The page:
There has been increasing focus in recent days on getting vaccines to poorer nations, where many people are yet to receive a first dose, even as their richer counterparts have begun giving booster shots.

More than half of the world has yet to receive at least one dose of a COVID-19 vaccine, according to Our World in Data.

The World Health Organization this week said its COVAX distribution programme would, for the first time, distribute shots only to countries with the lowest levels of coverage.

Co-led by the WHO, COVAX has since January largely allocated doses proportionally among its 140-plus beneficiary states according to population size.

 

 

It comes as: 

  • A mother whose 15-year-old daughter died from Covid on the day she was due to be vaccinated warned of children being too ‘blasé’ about the virus as she paid tribute to her ‘beautiful’ and ‘courageous’ girl;
  • An anti-vaxxer mother who was hooked on conspiracy theories died after admitting not getting the jab was the worst mistake of her life;
  • Worldwide deaths related to Covid surpassed 5million, with unvaccinated people particularly exposed to the virulent Delta strain;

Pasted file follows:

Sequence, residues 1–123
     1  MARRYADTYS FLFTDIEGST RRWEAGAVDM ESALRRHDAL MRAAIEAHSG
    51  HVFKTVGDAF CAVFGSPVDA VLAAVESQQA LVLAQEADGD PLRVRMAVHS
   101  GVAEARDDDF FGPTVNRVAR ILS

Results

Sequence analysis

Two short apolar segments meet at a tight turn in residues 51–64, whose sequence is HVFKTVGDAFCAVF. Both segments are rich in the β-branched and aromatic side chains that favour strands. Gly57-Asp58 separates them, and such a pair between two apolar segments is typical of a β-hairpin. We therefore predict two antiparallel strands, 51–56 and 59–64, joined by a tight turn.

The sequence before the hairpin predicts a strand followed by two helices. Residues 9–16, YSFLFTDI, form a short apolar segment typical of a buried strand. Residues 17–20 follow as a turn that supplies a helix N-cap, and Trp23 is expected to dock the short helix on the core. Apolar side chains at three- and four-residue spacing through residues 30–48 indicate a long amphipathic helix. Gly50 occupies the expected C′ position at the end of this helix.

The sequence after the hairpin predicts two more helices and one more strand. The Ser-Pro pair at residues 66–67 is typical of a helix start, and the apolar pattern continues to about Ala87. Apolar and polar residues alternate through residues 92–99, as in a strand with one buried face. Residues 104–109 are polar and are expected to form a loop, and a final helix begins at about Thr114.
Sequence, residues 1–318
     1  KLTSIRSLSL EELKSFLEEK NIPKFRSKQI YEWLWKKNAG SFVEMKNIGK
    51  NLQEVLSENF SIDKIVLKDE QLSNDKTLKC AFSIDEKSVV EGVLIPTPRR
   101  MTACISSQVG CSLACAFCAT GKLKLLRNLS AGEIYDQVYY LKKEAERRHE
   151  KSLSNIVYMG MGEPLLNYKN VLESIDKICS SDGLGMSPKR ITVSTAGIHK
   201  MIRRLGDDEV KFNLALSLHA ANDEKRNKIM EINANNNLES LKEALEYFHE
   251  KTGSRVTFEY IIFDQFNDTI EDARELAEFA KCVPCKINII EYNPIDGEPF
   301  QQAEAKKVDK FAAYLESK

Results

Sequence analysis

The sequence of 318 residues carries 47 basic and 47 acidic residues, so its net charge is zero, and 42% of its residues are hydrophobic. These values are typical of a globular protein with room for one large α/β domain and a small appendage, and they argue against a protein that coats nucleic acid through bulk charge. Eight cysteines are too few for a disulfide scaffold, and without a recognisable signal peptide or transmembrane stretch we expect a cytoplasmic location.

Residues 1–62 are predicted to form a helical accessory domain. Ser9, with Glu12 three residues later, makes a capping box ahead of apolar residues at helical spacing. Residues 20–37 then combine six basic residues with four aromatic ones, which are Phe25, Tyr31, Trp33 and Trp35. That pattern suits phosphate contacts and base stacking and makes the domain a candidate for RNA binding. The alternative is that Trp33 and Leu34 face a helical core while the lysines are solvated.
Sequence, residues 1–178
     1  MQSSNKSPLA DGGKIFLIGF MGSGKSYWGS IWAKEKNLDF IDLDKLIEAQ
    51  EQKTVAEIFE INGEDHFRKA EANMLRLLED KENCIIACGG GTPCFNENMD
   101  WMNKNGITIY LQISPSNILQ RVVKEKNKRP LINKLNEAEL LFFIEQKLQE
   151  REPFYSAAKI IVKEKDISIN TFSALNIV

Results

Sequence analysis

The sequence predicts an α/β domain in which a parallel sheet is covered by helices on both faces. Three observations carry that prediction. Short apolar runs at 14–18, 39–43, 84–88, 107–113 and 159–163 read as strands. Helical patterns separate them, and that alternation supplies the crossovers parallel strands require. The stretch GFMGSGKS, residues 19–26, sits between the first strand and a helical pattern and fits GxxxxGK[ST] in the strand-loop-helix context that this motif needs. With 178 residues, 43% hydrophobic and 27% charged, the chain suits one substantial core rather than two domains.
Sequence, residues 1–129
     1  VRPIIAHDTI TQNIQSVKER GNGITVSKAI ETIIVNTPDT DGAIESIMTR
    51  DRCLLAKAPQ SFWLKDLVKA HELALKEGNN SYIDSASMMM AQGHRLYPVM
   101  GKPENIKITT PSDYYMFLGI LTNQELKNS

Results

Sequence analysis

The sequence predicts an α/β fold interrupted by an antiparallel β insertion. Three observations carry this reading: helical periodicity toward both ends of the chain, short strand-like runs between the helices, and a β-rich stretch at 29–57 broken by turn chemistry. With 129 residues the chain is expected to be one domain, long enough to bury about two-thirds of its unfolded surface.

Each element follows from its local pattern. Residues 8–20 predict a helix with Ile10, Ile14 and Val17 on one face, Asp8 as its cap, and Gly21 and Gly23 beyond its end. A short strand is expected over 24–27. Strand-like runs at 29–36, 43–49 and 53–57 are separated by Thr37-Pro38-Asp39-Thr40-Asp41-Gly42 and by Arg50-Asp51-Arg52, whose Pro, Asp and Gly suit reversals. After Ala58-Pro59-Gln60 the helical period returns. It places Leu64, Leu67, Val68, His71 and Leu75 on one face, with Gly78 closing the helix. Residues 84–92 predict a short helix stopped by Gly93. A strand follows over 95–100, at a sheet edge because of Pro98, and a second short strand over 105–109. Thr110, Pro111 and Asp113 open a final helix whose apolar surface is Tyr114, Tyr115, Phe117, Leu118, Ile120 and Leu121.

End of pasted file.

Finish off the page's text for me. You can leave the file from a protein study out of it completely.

• Five England international footballers refused to have a coronavirus vaccine — threatening their places in the World Cup squad;
  • Sajid Javid urged Tube passengers to ‘put your masks back on’ as a quarter admitted they no longer use them;  
  • One in 20 children in England were infected with coronavirus on any given day last week, official data found; 
  • Councils told schools to bring in a suite of stricter Covid curbs in response to rising infections among pupils; 
  • Rates of depression in Britain are starting to fall after shooting up in the Covid pandemic, official data showed.

A further 17 coronavirus deaths have been reported in Scotland in the past 24 hours, figures show.

Statistics published by the Scottish Government on Saturday also reveal 2,515 new cases of Covid-19 have been recorded.

It means the death toll under this daily measure – of people who first tested positive for the virus within the previous 28 days — now stands at 8,665.

A total of 965 people were in hospital on Friday with recently confirmed Covid, down from 983 on Thursday, while 66 people were in intensive care, up one.

Overall, 4,199,724 people have had their first dose of vaccine, with 3,843,000 having had both. 

Speaking on the BBC Radio 4 Today programme this morning, Mr Javid said people refusing the vaccine ‘shouldn’t be in our care homes’.

He said: ‘If you want to work in a care home, you are working with some of the most vulnerable people in our country and if you cannot be bothered to go and get vaccinated, then get out and go and get another job.